His patient was in severe pain, and Christopher Ziebell, M.D., was set to prescribe him opioids for relief. But the man was asking a few too many question: How strong were they? How many pills? What kind was he getting? Ziebell, an emergency physician, decided to consult the Texas Prescription Monitoring Program, which tracks the dispersion of controlled substances across the state. The doctor was startled to find that his patient already had been prescribed several hundred dosages of opiates in the past few months.
“I was shocked because it was a lot of medicine from a lot of different prescribers, filled at a variety of different pharmacies,” said Ziebell, who is an assistant professor of surgery and perioperative care with Dell Medical School at The University of Texas at Austin.
All across the Lone Star State, and the country, doctors are facing similar situations in their own emergency rooms, as addiction to opioids takes hold, and patients seek help. While just a small fraction of pain pills, like Vicodin or Norco, are prescribed in the ER, about 45 percent of opioids that are diverted for non-medical use originated in the emergency room.
Underlining this issue, the Centers for Disease Control and Prevention just released new data in March, showing that opioid overdoses went up by 30 percent in ERs between July 2016 and September 2017. Those who overdosed are much more likely to do so again, which is why, the CDC said, “being seen in the ER is an opportunity for action.”
Texas saw more than 2,800 drug overdose deaths in 2016, which is the year with the most recently made available data from the CDC. That represents a 7.4 percent upswing in overdose deaths from the nearly 2,600 the previous year.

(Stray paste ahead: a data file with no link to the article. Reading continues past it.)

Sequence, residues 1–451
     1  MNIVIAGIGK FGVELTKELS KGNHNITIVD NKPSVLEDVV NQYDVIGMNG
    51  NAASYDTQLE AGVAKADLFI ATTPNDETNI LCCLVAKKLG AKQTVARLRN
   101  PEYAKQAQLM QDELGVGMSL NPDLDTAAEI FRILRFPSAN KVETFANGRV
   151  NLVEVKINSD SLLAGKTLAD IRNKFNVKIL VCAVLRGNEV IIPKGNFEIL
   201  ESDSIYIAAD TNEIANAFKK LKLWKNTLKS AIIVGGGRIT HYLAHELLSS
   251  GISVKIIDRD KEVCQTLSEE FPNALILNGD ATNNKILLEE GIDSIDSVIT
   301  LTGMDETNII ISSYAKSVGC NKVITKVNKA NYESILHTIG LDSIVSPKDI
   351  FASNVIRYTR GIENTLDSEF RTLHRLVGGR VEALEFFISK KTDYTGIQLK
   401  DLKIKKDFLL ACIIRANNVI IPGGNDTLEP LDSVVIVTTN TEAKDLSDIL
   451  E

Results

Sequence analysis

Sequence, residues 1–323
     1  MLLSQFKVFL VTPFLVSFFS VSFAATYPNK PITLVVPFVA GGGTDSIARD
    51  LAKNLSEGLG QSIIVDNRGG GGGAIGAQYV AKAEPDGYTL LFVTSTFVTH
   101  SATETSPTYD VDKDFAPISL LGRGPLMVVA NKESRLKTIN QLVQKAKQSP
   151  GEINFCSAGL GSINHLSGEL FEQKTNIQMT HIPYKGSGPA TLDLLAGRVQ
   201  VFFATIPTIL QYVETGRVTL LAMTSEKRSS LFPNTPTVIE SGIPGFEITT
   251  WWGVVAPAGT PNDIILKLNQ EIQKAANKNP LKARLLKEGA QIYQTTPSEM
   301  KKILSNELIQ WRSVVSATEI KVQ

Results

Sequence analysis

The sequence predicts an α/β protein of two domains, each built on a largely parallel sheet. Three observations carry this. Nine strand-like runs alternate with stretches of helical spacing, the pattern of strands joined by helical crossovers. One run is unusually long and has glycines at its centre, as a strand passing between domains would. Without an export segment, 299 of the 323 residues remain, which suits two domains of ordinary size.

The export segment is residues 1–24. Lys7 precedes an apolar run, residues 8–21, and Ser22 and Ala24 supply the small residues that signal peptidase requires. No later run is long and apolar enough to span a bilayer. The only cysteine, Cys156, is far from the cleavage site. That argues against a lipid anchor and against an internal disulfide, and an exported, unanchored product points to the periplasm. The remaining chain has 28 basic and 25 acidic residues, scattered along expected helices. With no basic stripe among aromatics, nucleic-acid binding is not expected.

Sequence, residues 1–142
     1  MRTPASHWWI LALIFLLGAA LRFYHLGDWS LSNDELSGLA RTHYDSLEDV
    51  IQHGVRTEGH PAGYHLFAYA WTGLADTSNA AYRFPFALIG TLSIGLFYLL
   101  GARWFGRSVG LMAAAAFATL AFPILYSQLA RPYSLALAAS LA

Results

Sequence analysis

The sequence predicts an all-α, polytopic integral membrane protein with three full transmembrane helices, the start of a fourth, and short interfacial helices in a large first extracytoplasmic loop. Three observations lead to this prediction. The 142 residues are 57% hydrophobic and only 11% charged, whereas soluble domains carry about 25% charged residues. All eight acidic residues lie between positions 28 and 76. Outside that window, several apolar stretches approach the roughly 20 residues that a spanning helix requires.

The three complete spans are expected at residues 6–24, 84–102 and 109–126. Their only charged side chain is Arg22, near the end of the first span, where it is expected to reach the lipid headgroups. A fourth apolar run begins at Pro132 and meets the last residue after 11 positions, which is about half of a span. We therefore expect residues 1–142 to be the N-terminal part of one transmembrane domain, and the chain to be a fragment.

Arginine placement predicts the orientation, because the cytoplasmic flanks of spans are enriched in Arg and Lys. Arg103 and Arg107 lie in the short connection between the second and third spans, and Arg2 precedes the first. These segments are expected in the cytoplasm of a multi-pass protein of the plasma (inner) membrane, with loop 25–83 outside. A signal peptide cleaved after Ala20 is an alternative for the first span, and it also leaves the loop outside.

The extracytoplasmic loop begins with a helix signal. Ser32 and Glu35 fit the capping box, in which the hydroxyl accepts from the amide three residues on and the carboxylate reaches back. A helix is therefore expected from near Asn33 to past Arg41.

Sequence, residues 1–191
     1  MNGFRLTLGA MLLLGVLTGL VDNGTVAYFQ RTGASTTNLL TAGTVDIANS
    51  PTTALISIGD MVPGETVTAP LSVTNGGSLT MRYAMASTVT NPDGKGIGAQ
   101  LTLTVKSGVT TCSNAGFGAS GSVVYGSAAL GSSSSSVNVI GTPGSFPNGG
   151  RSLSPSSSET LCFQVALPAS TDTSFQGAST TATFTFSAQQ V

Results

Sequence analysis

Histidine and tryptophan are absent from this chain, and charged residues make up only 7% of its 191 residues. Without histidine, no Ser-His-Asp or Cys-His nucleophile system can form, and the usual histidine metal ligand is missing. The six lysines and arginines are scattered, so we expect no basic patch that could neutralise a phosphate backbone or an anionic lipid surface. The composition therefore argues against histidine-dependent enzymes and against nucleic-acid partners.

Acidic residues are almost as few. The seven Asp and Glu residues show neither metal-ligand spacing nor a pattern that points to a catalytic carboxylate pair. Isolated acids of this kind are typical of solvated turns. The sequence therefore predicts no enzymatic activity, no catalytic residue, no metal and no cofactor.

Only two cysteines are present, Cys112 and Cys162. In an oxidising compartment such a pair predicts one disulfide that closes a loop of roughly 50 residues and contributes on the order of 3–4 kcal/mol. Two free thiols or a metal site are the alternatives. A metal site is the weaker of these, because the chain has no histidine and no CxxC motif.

With all of this in mind, the Texas Hospital Association in February released new voluntary guidelines for doctors working in the ER, aiming to curb opioid misuse and abuse. Crafted with input from state professionals in behavioral health, physician leadership and quality/patient safety, THA hopes implementation of these six recommendations can help reverse this deadly trend for its member hospitals. The ER made the most sense as a place to start, as patients present there both at the start in severe pain and much further down the stream of addiction after an overdose, said Sara González, vice president of advocacy and public policy with THA.
“What we found was that, in other states, everyone seems to start with the emergency department because it’s such a critical player in this crisis,” she said. “The ER is the place people go when someone overdoses, of course, but it’s also where people go when they’re in acute pain, which may be their first encounter with an opioid.”
In the case of Dr. Ziebell’s patient, when confronted, the man admitted that he was battling addiction. He agreed to go into an intensive outpatient program and is on a path to recovery. Checking the prescription monitoring program — as Ziebell did, but others had failed to before him — is one of the crucial steps in THA’s recommendations, and the ER physician thinks these guidelines will help move Texas hospitals in the right direction.
“The first rule in medicine is to do no harm and prescribing a medication to somebody that fuels them toward addiction is doing harm,” said Ziebell who also serves as medical director of the emergency department at Dell Seton Medical Center at The University of Texas. “I think that we all have to cooperate in figuring out the best way to minimize that kind of danger to patients, and that to me is exactly what these guidelines are designed to do. They may need to evolve over time, but the goal is a worthy one, which is to ensure that we’re helping people in the best way possible.”
Language in the guidelines is careful to note that all of this is voluntary, and each patient should be taken on a case-by-case basis and assessed at the doctor’s discretion. González stressed that Texas is not trying to dictate how physicians practice medicine, and some may look to push further with the prescribing recommendations, if desired.